August 30, 2011Vintage Attachments – For Vintage & Non-Vintage Sewing Alike! Part 1
Many vintage sewing machines had a wide assortment of attachments available for them, designed to make the home seamstress’ life easier. Some of these are easily identifiable, as many of today’s machines still come with them, but others can be a bit of a mystery. I am going to outline some of the more common ones, and hopefully get you using them!
I am going to be primarily discussing attachments that were available for Singer machines, as those are what’s most common in North America, and most readily available. Other brands of vintage machines may come with similar attachments, and the Singer attachments may work on some other machines. If you’re seeking out attachments for your machine, you will want to note whether yours is a low shank, high shank or a slant needle. If you’re unsure, Google can really be your friend, simply search your model number, there are many specific pages out there on various machines. The machine I showcased last week, and will be showing the attachments from here is a Model (or Class) 99, which is a low shank.
The Foot Hemmer (or rolled Hem Foot):
The foot hemmer produces a nice, narrow even rolled hem on the edge of your fabric. To use it, you will have to press a small, double 1/8″ inch hem at the beginning of the edge of your fabric. Lift up the presser foot, place your started hem underneath, take a couple of stitches, and then feed the single fold into the hemmer scroll and start sewing! The foot will do the rest of the work of producing a nice even rolled hem. This is one of my favourite feet because I sew Barbie clothes and children’s clothes, and it’s great for getting nice narrow hems. This is also great for hemming items like napkins and tablecloths. You can also use this foot to substitute for French seams, simply sew both layers together with this foot.
The binder foot is used to apply ready-made bias tape (either commercially made, or made yourself with a bias tape maker) to the edge of items. Pre-folded binding is inserted from the right into the outside slot of the binder scroll. This is another foot that I love, as bias tape can be such a pain to apply neatly, especially around corners and the like. This foot does all the work for you, without a ton of pinning!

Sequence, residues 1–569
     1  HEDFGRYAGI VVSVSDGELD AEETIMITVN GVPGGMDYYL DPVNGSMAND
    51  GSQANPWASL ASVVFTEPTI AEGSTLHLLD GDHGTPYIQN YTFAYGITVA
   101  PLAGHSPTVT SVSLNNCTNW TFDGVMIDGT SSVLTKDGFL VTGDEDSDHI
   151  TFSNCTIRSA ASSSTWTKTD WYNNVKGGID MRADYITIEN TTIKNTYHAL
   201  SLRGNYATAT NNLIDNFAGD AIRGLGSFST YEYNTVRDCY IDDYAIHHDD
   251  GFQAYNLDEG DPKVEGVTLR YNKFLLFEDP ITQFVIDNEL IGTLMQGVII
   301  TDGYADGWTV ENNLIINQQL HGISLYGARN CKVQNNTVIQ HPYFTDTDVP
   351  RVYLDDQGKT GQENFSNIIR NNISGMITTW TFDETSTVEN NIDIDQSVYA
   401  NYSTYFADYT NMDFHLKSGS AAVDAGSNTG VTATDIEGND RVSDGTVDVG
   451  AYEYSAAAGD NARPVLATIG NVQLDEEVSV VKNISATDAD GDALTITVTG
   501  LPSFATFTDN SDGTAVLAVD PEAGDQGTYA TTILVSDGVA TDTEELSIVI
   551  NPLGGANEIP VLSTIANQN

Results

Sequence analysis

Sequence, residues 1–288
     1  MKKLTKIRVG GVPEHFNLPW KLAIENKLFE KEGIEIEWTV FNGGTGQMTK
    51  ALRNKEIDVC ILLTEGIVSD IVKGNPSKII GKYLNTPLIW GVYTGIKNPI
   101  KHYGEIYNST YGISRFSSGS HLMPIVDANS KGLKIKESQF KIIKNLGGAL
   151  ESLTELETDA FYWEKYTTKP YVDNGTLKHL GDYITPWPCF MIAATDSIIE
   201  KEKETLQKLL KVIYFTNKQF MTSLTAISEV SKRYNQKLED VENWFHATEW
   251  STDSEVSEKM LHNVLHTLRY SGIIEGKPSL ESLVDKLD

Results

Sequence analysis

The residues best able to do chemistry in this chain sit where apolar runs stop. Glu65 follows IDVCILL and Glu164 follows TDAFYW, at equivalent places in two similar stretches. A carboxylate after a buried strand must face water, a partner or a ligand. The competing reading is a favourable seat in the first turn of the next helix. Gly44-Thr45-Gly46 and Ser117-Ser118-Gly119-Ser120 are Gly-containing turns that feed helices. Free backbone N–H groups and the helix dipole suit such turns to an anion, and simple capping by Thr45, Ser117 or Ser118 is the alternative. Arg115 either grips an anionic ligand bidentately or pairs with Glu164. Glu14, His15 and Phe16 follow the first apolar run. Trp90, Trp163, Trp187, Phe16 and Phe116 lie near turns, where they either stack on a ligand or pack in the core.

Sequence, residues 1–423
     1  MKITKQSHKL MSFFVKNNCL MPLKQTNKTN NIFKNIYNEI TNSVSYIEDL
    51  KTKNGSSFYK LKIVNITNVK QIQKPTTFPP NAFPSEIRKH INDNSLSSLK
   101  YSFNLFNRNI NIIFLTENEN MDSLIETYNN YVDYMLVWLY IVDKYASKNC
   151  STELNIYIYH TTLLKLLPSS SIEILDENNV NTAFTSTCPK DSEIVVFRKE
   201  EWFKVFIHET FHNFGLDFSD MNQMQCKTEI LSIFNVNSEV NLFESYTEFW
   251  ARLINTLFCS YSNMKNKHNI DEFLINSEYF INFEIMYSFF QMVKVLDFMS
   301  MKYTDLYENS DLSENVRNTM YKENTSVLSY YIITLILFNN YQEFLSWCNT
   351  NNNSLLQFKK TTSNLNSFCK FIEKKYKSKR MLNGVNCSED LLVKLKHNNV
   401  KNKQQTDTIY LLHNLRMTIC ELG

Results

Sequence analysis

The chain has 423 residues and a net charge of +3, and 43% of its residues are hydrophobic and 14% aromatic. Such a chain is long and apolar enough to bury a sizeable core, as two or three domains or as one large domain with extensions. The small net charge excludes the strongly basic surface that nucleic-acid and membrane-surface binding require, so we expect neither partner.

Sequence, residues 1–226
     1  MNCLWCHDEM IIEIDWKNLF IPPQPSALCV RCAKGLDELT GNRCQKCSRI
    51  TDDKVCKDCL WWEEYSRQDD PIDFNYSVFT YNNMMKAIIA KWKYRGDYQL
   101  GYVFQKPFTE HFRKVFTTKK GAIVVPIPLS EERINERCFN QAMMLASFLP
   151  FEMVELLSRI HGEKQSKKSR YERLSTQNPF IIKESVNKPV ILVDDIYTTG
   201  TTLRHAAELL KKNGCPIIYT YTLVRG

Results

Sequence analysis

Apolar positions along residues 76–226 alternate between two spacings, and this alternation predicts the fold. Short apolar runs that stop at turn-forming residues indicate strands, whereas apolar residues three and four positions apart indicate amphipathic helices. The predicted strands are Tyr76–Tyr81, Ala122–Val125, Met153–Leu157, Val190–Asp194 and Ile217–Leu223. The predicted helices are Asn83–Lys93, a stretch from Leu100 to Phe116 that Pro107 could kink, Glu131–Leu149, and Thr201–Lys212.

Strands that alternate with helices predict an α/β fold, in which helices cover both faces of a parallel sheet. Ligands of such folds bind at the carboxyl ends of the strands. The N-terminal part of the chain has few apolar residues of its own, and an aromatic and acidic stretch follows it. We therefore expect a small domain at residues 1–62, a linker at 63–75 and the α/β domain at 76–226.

The Ruffler is probably one of the scariest looking attachments for any machine, but once you figure out how to use it, it’s really quite fun and addictive – you’ll be wanting to put ruffles on everything! Although this one’s about 55 years older, this ruffler foot runs the same way as the one that I used on my modern machine in my Tufted Tute post – you can take a look there if you want to see how it looks on a machine. The ruffler is capable of both gathering, and pleating, depending upon how you set up the various dials on the ruffler itself. This one is a little more complicated to work than the other feet, so a manual is a must. If anyone out there has one of these, but no instructions, let me know and I can send instructions to you.
The Seam Guide
The Seam Guide is something that I wish modern machines still had, as I like these a lot better than the seam allowance guides that are on most machines today. To use the seam guide, simply find the hole on the machine to the right of the needle, and use the thumbscrew to tighten it down at the desired seam allowance (measure from the needle to the edge of the guide). I like the old school seam guides much better as I find it much easier to get a really even and straight seam, since the edge is so rigid.
Stay tuned – in two weeks, I will have part two, covering a few more of the more common attachments! If anyone out there has an attachment for their machine that they have no idea what it’s for, feel free to post in the comments and I’ll try to help identify it. I would also love to know what your favourite feet/attachments are for your machine!